Year Established: 2016 Start Date: 2016-03-01 End Date: 2018-02-28
Total Federal Funds: $17,653 Total Non-Federal Funds: $37,270
Principal Investigators: Samendra Sherchan, Jeffrey Wickliffe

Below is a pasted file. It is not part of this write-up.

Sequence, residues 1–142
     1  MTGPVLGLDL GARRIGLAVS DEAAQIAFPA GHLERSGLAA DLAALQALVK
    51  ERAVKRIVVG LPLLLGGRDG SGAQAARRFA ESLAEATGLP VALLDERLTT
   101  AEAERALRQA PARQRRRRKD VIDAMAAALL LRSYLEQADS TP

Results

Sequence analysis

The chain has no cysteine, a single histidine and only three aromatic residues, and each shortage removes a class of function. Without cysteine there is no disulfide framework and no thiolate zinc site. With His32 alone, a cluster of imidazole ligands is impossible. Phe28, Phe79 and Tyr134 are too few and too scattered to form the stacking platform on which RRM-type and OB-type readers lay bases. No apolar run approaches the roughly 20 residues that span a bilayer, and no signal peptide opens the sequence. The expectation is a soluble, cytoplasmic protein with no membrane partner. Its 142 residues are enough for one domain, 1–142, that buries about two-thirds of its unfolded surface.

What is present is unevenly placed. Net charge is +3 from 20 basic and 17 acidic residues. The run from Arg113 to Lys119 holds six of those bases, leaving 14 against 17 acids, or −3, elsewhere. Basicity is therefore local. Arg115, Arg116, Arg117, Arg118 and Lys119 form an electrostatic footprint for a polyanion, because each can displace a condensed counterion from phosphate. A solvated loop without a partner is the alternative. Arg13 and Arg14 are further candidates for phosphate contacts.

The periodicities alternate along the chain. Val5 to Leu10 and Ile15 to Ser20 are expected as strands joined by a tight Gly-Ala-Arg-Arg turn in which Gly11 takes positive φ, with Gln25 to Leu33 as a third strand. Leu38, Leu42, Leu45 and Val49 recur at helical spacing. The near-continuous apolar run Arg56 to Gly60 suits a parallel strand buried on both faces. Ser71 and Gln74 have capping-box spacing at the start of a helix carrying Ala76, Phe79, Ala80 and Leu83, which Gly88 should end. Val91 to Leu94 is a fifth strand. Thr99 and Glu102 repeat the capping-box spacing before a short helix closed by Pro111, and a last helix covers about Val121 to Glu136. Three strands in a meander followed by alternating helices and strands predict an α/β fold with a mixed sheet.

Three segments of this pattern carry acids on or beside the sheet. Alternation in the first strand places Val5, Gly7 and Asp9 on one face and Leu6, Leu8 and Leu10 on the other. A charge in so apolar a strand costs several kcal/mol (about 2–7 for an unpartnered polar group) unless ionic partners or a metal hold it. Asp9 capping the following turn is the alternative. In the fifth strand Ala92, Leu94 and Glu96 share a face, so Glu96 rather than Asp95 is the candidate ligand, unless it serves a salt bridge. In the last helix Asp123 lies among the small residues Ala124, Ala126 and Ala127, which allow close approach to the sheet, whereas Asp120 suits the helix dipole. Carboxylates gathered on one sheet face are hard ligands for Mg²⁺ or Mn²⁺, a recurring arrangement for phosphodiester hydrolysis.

Abstract: Naegleria fowleri, also known as “the brain-eating amoeba”, is a free living amoebae found naturally in hot springs and warm surface waters. N. fowleri can cause primary meningoencephalitis (PAM), most often leading to death within 4 to 6 days if inhaled or forced into the nasal passages when swimming or diving. It is naturally found in soil and warm water and is fairly resistant to chlorine based disinfection (Miller et. al., 2015). It has a three stage lifecycle. N. fowleri exists in soil in a cystic form and excysts to a flagellate stage when in contact with warm water and a source of food (bacteria). The flagellate stage feeds on bacteria at the air- water interface in hot springs, surface water, and other water systems that may remain still for prolonged periods (Mull et. al., 2013). In 2011, two people died of Primary Amoebic Meningoencephalitis (PAM) caused by N. fowleri in DeSoto Parish and St. Bernard Parish, Louisiana. Both cases involved the use of a neti-pot. In 2013, there was second death in St. Bernard Parish (4-year old boy) caused by PAM and confirmed to be N. fowleri (Nf) infection. Testing conducted in 2013 by Louisiana Department of Health and Hospitals (DHH)/CDC in both St. Bernard and DeSoto found this amoeba in the treated distribution system water supply. To date, a total of 6 Louisiana’s public water systems have tested positive for N. fowleri (Louisiana DHH; Bartrand et. al., 2014; Cope et. al., 2015). The purpose of this study is to determine the occurrence and quantity of the protozoan pathogen, N. fowleri, in groundwater sources in Louisiana. The deaths of three people due to N. fowleri in DeSoto Parish and St. Bernard Parish in 2011 and 2013 promoted an interest in understanding its occurrence in groundwater sources in Louisiana. No study of well water has been conducted previously in the State, and the presence of N. fowleri in ground water is currently not regulated in the United States. However, over 42 million people in the United States are dependent on individual wells for their drinking water. In most states, individual drinking water systems are not regulated by local health and environmental agencies. For this reason, few studies have been conducted on the microbial and chemical water quality of this water. In the United States there are approximately 100,000 small water systems (those that serve less than 10,000 people) and approximately 500,000 people depend on private wells for their drinking water in Louisiana (Louisiana DHH). This project involves a field study to assess the occurrence of N. fowleri in non-disinfected small drinking water systems and individual household well water systems in Louisiana. Grab samples (Standard Methods 1060) from well water systems will be collected using one liter sterile polyethylene bottles. Each sample will be concentrated by centrifugation, then 1 mL of the resulting pellet will be placed on an agar culture plate and the remaining pellet volume will be processed using the immunomagnetic separation (IMS) procedure and real-time Polymerase Chain Reaction (PCR) TaqMan assay as described by Mull et al., 2013. Water samples will also be tested for temperature, pH, turbidity, chlorine residual, specific conductance, organic matter, iron, coliform bacteria and heterotrophic bacterial count (HPC), and E. coli using standard methods. The data collected will be analyzed to assess environmental and other water quality factors that may be associated with the occurrence of N. fowleri in these water supplies. The objectives of the project are to 1) determine the occurrence and quantity of N. fowleri in individual and small system non-disinfected groundwater systems in Louisiana and 2) attempt to identify factors related to the occurrence of N. fowleri in these systems.